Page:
As you spend time online, what are the biggest design roadblocks you see that get in the way of users finding or accessing content? In other words, how does design get in the way of content?

In a word? Flash. Flash has done the design community more harm than good, in my opinion. There are other things that get in the way, like having content that only exists in PDF files, or behind unnecessary log-in forms, but Flash far and away represents the greatest danger. If a site is built entirely in Flash, has a Flash splash page, or has its navigation in Flash, it is most likely receiving far fewer visits from searchers than it could. Given what you can do today with CSS, HTML, and javascript, there are very few reasons to build any major site elements in Flash.

Talk about your new book, “A Website that Works”—I won’t ask you to give away the farm, but tell us in a nutshell what makes a website work.

A website that works does those things I mentioned earleir: attracts the right people, efficiently gets them to the place on the site they’d most like to be, and gets them to act on one of the site’s goals. If the site is doing those three things reliably, it’s serving the business it represents very well. Although that sounds pretty straightforward, there are many elements that go into making a site work in that way—fantastic visual design not being the least of them.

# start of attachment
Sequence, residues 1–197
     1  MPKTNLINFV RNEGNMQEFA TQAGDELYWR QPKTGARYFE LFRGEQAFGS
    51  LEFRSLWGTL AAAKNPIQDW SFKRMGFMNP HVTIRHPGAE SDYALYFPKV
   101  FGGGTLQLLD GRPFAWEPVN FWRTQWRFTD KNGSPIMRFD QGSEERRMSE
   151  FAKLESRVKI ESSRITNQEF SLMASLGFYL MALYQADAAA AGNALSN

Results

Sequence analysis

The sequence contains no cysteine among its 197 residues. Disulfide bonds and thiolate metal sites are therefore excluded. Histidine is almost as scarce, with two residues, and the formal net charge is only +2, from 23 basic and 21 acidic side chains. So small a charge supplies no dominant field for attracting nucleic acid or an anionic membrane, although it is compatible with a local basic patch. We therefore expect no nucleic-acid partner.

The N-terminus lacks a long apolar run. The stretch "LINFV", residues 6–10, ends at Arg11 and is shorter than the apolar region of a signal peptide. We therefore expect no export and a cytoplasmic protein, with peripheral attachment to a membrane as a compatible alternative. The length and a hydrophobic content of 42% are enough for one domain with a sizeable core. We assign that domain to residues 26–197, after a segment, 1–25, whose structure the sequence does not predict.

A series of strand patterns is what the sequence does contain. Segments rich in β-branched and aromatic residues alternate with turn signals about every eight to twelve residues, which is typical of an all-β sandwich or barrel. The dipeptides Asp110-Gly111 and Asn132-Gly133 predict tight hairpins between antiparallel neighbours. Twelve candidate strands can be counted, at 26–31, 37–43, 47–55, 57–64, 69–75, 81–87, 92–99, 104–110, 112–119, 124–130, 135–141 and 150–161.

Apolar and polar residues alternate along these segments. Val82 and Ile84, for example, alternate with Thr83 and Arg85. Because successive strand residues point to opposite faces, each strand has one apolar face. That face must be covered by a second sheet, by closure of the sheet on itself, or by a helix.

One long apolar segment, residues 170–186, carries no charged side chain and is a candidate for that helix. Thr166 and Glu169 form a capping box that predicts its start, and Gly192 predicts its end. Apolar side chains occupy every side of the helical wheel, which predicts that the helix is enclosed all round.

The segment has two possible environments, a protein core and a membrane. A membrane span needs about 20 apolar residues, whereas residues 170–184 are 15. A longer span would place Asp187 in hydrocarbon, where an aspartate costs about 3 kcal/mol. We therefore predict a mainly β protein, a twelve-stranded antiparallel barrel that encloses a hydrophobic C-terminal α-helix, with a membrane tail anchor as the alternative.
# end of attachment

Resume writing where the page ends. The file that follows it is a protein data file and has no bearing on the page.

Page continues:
As you scan the technology landscape, what are you seeing that really excites or intrigues you?

I’m seeing designers using their sites to win business they wouldn’t have gotten without their site, many of them for the first time in their careers. In my line of work, there isn’t much that is more exciting than that. The designer that has a site that brings them business is the designer who has the freedom to choose to work on only the best work for the best clients. Good design business promotes good design.

What’s your favorite…

  1. website?
    One of my current favorite agency sites is from Vancouver’s own Biro Creative. They prove that deep content and great design aren’t mutually exclusive.
  2. mobile app?
    This is a toss-up. The Epicurious app is a great kitchen companion, it’s had a real impact on the way I use recipes. While I’m in the kitchen cooking, I’m likely to be streaming something from my Pandora app—probably from the Neko Case station that my wife has been carefully cultivating (thumbs up/down) for the past seven years. It’s good.
  3. book?
    Past: Jim Collins’ “Good to Great
    Present: John Irving’s “Last Night at Twisted River
    Future: The draft of Christopher Butler‘s “Thinking Before Doing” that’s sitting on my desktop

Find out more about Mark O’Brien’s session at the HOW Interactive Design Conference and register today!

This post originally appeared on HOW magazine’s blog.